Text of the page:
Law enforcement agencies in 17 countries welcomed multinational efforts to disrupt multiple criminal networks, thanks to AN0M, a platform controlled by the FBI and mounted on custom smartphones.
Smartphones were sold in the underground world of crime and were widely used by drug traffickers, arms dealers, murderers and others for about 18 months. The Justice Department explained at a press conference that messages sent from dedicated devices were fed back to the FBI database.
Ultimately, more than 12,000 devices were spread to 300 criminal syndicates operating in more than 100 countries, according to Europol.
People who used the device believed they were encrypted, and in late 2018, Phantom Secure CEO Vincent Ramos said the FBI created encrypted phones and sold them to criminal gangs. When I was arrested, I started the effort.
The FBI used one of the brokers associated with Phantom Secure to market a new eavesdropped smartphone and promote its legitimacy. According to court filings, other prominent figures in the criminal underworld have begun to favor the app for its security features.
Law enforcement officials said more than 800 people were arrested as a result of the operation, with officials from multiple countries saying 250 firearms, $ 48 million in cash and cryptocurrencies, 8 tons of cocaine, and 2 tons of methamphetamine. Amphetamine reports seized 55 luxury cars.
“I was able to actually see pictures of hundreds of tonnes of cocaine hidden in fruit shipments,” said Calvin Shivers of the FBI’s Criminal Investigation Division.
Justice ministry officials said the operation, called the Trojan Shield in the United States, confused cartels and gangs in South America in Asia, Europe and the Middle East. However, most of the 27 million messages sent by the app came from Spain, Australia, Germany, the Netherlands and Serbia.
In a court filing, the FBI said it was able to attract more criminals to the app by shutting down other competitors such as Sky Global and EncroChat. The app was also promoted to celebrities like Hakan Ayik, one of Australia’s most wanted men.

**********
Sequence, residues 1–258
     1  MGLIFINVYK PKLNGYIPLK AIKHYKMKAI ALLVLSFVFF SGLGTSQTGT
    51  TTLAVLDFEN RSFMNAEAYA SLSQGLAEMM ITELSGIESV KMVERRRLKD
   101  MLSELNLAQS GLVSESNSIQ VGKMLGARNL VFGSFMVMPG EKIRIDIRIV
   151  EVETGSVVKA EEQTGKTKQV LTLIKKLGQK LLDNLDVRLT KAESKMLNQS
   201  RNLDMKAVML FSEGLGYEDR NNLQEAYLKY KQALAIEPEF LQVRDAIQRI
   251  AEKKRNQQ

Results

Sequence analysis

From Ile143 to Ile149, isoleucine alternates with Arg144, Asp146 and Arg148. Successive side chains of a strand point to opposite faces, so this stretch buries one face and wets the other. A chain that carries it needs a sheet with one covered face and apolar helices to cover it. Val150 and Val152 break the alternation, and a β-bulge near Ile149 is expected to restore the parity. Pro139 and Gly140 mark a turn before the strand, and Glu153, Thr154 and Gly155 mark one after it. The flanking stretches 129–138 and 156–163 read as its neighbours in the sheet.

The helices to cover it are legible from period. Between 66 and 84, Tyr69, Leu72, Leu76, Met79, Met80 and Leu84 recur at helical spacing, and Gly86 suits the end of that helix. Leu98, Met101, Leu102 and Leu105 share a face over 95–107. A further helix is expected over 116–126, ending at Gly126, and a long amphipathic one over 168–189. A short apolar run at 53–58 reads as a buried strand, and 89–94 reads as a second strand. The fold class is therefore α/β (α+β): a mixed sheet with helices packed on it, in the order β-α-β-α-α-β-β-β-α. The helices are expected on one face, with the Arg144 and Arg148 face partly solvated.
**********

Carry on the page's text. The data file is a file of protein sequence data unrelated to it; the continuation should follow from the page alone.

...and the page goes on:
Cybersecurity experts say this isn’t the first time US law enforcement agencies have carried out such an operation.
In July 2017, Europol and the US Department of Justice conducted an operational bayonet that included the seizure of AlphaBay, the most popular English dark web market, according to Digital Shadows CISO Rick Holland.
Later, cybercriminal buyers and sellers flocked to an alternative market called Hansa, and the Dutch explained that new users were unaware that the Dutch police had taken over the market.
“The following month, they gathered information and evidence about criminal activity. International law enforcement agencies were able to stop cybercrime,” Holland said. “As always after law enforcement, cybercrime finds its way. Other criminals and services emerge from the ashes.”
JupiterOne CMO Tyler Shields said it was the first time he had seen hardware devices distributed and used to facilitate man-in-the-middle attacks on more than 300 criminal organizations.
“Usually software-based attacks targeting specific individuals or groups are used. The fact that this literally targeted the entire underground world is very important,” says Shields.
Other experts said this was a positive development, but criminal gangs succeeded in finding new tools despite repeated turmoil. Christoph Hebeisen, Lookout Director of Security Intelligence Research, explained that EncroChat and Phantom Secure are just two examples of crypto chat services popular with criminals and were ultimately hampered by law enforcement agencies.
“But as we’ve seen, ending an encrypted chat service that’s popular with criminals usually leads to a move to a new service,” Hebeisen added.
“Criminals can be more cautious as these withdrawals occur one after another, each leading to a large number of arrests. This allows criminals to become legitimate end-to-end encrypted chat services. May be able to hide inside an innocent user. “
The FBI has touted hundreds of arrests thanks to fake apps, but experts predict the emergence of even more encrypted chat services.
Source link The FBI has touted hundreds of arrests thanks to fake apps, but experts predict the emergence of even more encrypted chat services.